Next step?  I had the coldworker engrave the couple's initials and wedding date on the bottom of the piece.


My final concern was that I wanted it to be very clear to the bride and groom that this was a handmade piece. I know it's not perfect, but a lot of time and effort went into it.  How should I convey that? Write it in the card?  I had another idea...


I printed up a card (a little larger than a business card, but it fits in the vase) that has my picture in the hot shop and reads "Handmade just for you by Monyca (I redacted my last name for the blog) at Seattle Glassblowing Studio Seattle, WA" and stuck it in the vase before wrapping it up.  Now they'll know the gift was made especially for them, by whom and where! 

I'm feeling pretty proud of myself! I hope the bride and groom like it as much as I do! 

Friday, August 9, 2013

Living the Good Life

The good life, Seattle style... Starbucks iced drinks in the pool. 


Saturday, August 3, 2013

Glassblowing Shirt

I've kind of struggled with figuring out what to wear to the glassblowing studio/hot shop.  First, natural fibers are required, many manmade fibers have lower melting points and could melt to you and make burns far worse in the event of accident.  Second, it gets really hot in the hot shop, but I have definitely experienced that I prefer long sleeves that actually protect me from the heat. Sometimes when I wear short sleeves, I end up with a kind of burn rash on the inside of right forearm from where it was exposed to the heat, mostly while working jack lines. So, there's definitely a trade-off between sleeveless and long sleeves.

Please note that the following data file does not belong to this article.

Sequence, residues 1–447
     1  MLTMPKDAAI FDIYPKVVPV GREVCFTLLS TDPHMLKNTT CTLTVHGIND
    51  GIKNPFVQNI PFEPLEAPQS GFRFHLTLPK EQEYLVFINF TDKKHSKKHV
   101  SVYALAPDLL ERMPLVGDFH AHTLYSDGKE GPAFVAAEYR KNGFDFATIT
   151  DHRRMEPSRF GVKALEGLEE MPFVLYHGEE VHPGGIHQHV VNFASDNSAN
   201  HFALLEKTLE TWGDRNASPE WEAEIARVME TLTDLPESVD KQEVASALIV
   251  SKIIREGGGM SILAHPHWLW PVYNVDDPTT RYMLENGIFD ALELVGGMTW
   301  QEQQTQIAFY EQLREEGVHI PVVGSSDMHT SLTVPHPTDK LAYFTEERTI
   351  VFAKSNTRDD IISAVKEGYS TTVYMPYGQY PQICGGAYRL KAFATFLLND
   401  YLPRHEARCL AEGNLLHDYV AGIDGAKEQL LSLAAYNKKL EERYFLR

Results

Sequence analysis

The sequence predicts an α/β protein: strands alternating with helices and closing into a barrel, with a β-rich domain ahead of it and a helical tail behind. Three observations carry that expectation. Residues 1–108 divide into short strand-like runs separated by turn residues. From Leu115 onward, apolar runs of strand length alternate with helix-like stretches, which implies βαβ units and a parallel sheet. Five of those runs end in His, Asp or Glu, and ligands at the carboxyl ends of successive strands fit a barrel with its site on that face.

I have one particular long sleeve t-shirt that has become my go-to glassblowing shirt.  First, it's grey, which is a good compromise between the get-dirty-too-easily light colors and the attract-heat dark colors. Second, it's cotton, but it's a very thin cotton. So thin that it's one step away from translucent.  My thought is that it gives my arm a little protection while not making me too hot. Third, it has a nice deep scoop neck, to keep my neck from getting too hot. Fourth, it's old so if it gets really dirty or ruined, I won't mind too much. I usually wear it over a cotton tank top.

It looks like this:


Washing it every week and hunting for it every week before glassblowing class got me thinking about what my ideal glassblowing shirt would be. It's crazy, but it would probably be a one sleeved shirt. A long sleeve on the right would protect my forearm that's closer to the glass, but a sleeveless left side would keep me a little bit cooler.

That would be crazy! That would be ridiculous! Well, don't a lot of people wear specialized clothing for their sport or hobby that looks ridiculous to outsiders? You think bike shorts and cleats don't look ridiculous?  And... like I said, this is an old shirt so if I totally screw it up...

After thinking about it for a few weeks, and inspired by ReFashionista, I finally got out my scissors. Now my favorite glassblowing shirt looks like this:


Yes, they sell kevlar sleeves that you can wear on one arm. But why buy special equipment when something in your closet will do? 

 Hey, while I'm at it, maybe I should add a thumb hole like those kevlar sleeves I've seen:


Pay no attention to the pink undershirt here, which is not natural fiber so it is not appropriate for glassblowing. But here's the finished product:
Ta-Da! My glassblowing shirt! 

I wore it to glassblowing class and my teacher laughed. She said, "You know, you could buy a kevlar sleeve..."  To which I responded, "But now I've got more money to spend on glass color!"